The attorneys called the press conference Thursday amid concerns that some who might qualify for the deferred prosecution program may be getting bad legal advice.
One of the ongoing problems in the immigrant community is that people hold themselves out as “notarios” or “immigration consultants,” offering legal advice — for a fee. But neither group is entitled under Arizona law to provide legal help.
“Notarios are taking advantage already of our students and our dreamers,” said Chrstina Ortecho.
“Some of the abuses that we see are people buying letters saying, ‘I’m eligible,’” she said. “No letter that just has letterhead on it and signed by anyone is going to be valid with immigration services.”
Ortecho, who is the immigration attorney for Friendly House, a Phoenix social services organization, said the idea of the program by the attorneys is to work with other community groups that do not have immigration specialists on staff so they also can provide free legal help to clients. And some of that help they need, she said, is whether to apply for the deferred prosecution program — and do that “not based on what somebody has told them, but what is the actuality of their situation.”
She said all lawyers wrestle with the question of what advice to give those who seek their help, especially with the inherent risks.
“I think that what we have to say is ‘This is a potential for a risk’ and ‘This is a potential for a benefit,’” Ortecho said.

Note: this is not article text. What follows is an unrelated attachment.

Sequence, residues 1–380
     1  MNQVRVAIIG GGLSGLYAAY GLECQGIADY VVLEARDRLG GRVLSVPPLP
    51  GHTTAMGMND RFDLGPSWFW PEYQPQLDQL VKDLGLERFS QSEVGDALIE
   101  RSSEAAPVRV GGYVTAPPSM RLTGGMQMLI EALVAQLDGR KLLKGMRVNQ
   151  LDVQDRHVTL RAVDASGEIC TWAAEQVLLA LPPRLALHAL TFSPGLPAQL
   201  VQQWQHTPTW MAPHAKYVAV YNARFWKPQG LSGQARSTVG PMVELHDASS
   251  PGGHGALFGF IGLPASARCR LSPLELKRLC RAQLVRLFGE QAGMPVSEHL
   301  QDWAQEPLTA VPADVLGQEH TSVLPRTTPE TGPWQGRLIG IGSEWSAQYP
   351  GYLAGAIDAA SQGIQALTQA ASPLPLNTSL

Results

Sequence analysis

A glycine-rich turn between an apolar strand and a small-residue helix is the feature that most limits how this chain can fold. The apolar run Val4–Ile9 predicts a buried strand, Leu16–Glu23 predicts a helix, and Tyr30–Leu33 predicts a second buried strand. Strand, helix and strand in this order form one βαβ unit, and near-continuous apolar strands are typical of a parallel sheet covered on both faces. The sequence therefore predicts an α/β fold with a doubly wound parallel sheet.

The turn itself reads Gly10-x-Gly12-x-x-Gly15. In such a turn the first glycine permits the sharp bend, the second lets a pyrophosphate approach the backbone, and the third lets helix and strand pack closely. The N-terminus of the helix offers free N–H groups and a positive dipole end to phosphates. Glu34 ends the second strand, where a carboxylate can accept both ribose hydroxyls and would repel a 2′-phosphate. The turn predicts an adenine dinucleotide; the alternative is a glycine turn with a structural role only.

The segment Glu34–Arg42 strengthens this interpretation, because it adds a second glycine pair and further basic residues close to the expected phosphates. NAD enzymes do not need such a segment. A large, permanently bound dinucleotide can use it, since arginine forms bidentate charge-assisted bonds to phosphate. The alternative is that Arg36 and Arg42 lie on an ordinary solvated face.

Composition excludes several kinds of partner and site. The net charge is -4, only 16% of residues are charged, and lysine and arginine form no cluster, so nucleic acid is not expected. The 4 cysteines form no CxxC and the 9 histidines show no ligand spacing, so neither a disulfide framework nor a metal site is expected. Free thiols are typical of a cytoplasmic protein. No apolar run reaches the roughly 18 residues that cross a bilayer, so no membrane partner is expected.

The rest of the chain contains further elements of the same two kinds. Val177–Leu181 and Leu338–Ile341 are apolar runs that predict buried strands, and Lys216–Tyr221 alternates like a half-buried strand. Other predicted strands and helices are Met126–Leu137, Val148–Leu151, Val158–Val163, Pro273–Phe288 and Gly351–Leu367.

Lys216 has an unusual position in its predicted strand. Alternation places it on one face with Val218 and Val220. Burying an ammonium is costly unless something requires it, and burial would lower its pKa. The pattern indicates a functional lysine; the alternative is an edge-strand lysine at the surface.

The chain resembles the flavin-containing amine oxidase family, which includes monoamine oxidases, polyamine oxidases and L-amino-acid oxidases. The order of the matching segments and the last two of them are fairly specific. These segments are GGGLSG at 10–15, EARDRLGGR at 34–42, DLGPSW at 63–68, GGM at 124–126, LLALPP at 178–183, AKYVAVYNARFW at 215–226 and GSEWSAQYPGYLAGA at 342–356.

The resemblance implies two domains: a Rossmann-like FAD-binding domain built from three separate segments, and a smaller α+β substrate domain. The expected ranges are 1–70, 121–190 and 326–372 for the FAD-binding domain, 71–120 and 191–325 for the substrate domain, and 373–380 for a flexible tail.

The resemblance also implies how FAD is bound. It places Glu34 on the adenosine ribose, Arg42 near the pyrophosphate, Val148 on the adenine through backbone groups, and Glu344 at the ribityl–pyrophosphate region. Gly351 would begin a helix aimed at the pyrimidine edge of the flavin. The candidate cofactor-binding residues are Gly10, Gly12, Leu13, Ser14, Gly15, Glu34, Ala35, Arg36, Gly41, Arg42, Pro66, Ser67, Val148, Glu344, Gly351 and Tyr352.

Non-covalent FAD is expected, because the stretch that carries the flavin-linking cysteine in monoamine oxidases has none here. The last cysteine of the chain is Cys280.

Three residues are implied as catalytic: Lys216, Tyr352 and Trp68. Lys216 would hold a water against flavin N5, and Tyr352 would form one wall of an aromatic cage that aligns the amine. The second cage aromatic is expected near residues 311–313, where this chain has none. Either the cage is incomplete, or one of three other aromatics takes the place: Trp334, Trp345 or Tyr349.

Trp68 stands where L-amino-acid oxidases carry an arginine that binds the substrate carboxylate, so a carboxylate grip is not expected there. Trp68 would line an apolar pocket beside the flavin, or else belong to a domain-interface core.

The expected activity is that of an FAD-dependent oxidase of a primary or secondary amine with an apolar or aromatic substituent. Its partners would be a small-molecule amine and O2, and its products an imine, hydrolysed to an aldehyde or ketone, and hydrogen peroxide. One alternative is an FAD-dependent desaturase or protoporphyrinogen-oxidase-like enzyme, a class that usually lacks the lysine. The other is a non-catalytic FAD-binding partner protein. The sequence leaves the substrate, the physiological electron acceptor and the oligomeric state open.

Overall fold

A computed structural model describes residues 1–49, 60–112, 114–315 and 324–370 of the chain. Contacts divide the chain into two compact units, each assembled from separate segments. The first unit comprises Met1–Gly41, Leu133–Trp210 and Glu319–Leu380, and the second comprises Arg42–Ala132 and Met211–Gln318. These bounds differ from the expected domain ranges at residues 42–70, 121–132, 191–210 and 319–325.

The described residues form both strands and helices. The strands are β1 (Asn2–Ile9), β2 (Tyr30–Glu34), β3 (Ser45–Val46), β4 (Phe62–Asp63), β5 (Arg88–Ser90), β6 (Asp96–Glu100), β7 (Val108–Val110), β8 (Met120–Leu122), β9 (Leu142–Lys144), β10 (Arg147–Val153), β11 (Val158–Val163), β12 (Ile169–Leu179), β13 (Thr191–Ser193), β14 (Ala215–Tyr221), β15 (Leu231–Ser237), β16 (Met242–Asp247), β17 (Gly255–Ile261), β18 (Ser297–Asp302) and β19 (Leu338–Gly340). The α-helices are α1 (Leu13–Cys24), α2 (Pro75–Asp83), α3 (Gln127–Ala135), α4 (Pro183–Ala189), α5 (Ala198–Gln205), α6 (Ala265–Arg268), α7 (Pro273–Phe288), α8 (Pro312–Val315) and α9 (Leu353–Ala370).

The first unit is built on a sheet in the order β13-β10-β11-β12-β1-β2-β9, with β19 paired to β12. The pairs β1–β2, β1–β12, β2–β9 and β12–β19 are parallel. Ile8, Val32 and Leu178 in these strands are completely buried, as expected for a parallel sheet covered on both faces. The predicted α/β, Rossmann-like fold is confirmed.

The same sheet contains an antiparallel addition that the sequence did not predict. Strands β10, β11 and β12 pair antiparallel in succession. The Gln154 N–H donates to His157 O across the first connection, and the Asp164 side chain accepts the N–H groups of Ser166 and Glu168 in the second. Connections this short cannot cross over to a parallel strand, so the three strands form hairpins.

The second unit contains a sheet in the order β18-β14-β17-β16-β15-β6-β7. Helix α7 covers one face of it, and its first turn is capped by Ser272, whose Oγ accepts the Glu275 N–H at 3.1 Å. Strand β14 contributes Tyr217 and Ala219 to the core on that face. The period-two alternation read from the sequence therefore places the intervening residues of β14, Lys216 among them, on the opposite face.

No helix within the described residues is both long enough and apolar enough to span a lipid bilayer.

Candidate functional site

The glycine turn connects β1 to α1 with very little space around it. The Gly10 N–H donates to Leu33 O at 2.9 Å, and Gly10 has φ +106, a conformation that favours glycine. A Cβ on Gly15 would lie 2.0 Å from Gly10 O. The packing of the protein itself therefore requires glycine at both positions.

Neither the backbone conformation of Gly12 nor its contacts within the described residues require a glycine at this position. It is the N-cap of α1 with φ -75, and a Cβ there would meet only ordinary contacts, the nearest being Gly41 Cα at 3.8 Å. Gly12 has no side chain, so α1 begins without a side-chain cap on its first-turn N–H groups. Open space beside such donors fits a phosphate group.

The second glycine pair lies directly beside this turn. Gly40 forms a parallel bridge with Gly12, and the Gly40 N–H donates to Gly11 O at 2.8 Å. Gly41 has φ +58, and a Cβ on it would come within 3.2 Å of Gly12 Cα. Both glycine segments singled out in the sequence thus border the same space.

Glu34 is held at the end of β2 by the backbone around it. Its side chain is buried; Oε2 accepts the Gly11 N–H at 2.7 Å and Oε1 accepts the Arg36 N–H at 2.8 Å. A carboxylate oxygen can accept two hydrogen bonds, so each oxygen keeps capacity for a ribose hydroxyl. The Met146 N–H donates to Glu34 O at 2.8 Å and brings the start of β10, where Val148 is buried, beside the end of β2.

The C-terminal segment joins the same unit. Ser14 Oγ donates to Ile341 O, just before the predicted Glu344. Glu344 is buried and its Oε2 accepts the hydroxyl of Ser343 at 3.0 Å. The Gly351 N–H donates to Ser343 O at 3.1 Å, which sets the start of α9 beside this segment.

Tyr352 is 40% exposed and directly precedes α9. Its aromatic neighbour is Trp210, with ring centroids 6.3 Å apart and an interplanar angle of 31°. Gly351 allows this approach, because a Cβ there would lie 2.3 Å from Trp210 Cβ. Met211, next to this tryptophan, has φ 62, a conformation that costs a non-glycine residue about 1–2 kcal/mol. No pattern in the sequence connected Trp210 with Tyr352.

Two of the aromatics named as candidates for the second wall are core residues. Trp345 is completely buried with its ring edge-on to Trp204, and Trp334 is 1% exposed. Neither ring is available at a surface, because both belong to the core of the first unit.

“And once that youth is informed of that, they are going to make their own decision,” she explained. “Our job as attorneys is to advise and give both sides, risk, benefits. And then ultimately the client ... would decide, ‘Is it worth the risk for me to apply right now?’”
Penalosa said that the amnesty program offered more than two decades ago had a confidentiality provision which prevented immigration officials from using any information provided in subsequent deportation proceedings.
“Unfortunately, in this directive from the president, we don’t have those confidentiality provisions,” he said. And Penalosa said Romney, if elected, is entitled to revoke the program.
He said, though, that the popularity of the program may prevent that from happening.
“I think, if anything, he’s going to have to build upon this,” Penalosa said.
Romney has provided little guidance on what he would do.
During primary debates, he said he would not sign the DREAM Act as proposed but would support something focused on veterans.
And the day that Obama announced his plan, Romney criticized the decision — but only because it is a policy that can be reversed by subsequent presidents.
“I’d like to see legislation that deals with this issue,” he said, saying he agrees with Sen. Marco Rubio, R-Fla., that there needs to be a long-term solution.
“If I’m president, we’ll do our very best to have that kind of long-term solution that provides certainty and clarity for the people who come into this country through no fault of their own by virtue of the action of their parents,” Romney said.